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[bohld-feys] /ˈboʊldˌfeɪs/ Printing.
type or print that has thick, heavy lines, used for emphasis, headings, etc.
This is a sample of boldface
typeset or printed in boldface.
verb (used with object), boldfaced, boldfacing.
to mark (copy) to be set in boldface.
Compare lightface.
Origin of boldface
First recorded in 1685-95; bold + face
Can be confused
barefaced, boldface, bold-faced. Unabridged
Based on the Random House Dictionary, © Random House, Inc. 2018.
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Examples from the Web for bold-face
Historical Examples
  • Read the rule (printed in bold-face type), and study the examples.

  • Side-heads are generally put in italics, but often in small capitals or bold-face type.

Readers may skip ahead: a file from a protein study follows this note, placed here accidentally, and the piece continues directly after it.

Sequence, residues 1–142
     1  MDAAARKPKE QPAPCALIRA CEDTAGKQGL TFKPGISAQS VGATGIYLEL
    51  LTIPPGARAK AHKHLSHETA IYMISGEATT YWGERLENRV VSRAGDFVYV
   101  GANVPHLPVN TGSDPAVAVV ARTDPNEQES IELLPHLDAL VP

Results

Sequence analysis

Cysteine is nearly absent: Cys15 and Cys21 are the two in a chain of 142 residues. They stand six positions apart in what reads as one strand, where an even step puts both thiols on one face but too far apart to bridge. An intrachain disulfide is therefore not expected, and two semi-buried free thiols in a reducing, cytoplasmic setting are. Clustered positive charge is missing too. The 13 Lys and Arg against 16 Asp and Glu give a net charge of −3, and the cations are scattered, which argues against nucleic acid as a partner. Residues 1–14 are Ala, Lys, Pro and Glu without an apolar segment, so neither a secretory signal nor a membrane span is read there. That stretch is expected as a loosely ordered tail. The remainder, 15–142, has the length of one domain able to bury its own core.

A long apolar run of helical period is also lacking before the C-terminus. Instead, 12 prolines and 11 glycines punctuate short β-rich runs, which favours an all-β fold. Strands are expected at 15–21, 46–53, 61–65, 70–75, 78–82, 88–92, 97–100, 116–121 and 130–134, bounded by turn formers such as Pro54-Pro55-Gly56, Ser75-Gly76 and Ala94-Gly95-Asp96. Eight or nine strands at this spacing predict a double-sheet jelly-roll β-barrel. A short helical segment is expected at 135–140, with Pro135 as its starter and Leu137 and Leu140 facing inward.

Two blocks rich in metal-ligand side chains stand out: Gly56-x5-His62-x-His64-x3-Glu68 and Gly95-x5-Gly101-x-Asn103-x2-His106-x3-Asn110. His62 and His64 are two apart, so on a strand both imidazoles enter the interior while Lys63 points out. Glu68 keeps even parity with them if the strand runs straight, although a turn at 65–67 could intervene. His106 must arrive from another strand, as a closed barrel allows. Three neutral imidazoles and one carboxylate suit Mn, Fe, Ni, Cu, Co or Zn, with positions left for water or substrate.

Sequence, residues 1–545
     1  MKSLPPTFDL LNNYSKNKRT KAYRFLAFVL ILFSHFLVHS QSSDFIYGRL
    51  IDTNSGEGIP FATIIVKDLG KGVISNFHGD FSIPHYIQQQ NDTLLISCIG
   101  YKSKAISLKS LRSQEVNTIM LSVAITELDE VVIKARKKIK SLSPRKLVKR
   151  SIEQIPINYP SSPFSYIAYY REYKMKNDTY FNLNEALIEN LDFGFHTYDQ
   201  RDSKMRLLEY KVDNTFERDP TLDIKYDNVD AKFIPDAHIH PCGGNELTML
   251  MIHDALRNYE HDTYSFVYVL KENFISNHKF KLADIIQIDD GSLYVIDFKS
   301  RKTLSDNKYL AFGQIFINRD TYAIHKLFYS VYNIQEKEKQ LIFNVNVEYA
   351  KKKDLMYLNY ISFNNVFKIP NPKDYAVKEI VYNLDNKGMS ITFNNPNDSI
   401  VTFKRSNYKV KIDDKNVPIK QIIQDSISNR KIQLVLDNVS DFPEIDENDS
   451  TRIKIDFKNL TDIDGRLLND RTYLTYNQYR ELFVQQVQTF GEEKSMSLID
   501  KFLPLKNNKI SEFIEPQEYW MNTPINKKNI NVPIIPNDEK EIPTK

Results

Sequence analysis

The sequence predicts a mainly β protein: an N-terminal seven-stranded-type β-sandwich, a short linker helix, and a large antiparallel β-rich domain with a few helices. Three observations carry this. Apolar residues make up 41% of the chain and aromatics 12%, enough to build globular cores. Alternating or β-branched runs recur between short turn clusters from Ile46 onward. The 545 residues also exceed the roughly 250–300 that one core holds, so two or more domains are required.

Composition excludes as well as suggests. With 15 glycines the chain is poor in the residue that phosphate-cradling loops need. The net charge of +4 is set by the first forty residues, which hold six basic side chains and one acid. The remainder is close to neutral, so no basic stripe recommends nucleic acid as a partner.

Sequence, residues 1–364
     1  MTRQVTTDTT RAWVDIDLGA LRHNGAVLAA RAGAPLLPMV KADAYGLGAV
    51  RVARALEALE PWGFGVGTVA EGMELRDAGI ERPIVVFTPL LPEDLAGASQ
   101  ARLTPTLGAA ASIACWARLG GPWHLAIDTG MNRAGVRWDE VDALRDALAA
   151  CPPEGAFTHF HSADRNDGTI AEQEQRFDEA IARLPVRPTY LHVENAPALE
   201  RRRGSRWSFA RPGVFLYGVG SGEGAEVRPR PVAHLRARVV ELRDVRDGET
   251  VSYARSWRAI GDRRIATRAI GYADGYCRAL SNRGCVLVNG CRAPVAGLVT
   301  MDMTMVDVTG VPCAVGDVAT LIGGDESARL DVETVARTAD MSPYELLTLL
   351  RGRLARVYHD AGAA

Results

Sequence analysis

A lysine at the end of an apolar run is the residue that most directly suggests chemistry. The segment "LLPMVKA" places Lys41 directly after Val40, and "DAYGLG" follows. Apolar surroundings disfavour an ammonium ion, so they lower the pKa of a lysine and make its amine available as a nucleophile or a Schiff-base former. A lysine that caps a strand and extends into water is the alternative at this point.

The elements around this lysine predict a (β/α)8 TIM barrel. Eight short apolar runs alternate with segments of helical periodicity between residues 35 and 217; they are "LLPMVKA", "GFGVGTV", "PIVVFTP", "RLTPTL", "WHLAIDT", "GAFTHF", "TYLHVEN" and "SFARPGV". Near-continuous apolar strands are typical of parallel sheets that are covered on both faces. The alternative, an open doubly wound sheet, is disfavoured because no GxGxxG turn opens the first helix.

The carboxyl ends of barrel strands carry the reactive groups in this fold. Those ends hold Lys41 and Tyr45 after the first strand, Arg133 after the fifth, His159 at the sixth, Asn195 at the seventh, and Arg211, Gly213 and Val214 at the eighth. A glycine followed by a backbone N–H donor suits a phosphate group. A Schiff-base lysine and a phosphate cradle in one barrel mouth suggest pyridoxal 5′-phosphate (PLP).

Why We Punctuate William Livingston Klein
  • But it was a bold-face paragraph, set to the left of the main article, that drove the color from her cheeks.

    Find the Woman

    Arthur Somers Roche
  • Where the subject receives the most extended notice the page number is in bold-face type.

    Trees of Indiana

    Charles Clemon Deam
Word Origin and History for bold-face

in typography, 1845, from bold (adj.) + face (n.). In reference to types, bold (adj.) is attested from 1790, perhaps from the secondary sense "easily visible, striking to the eye."

Online Etymology Dictionary, © 2010 Douglas Harper
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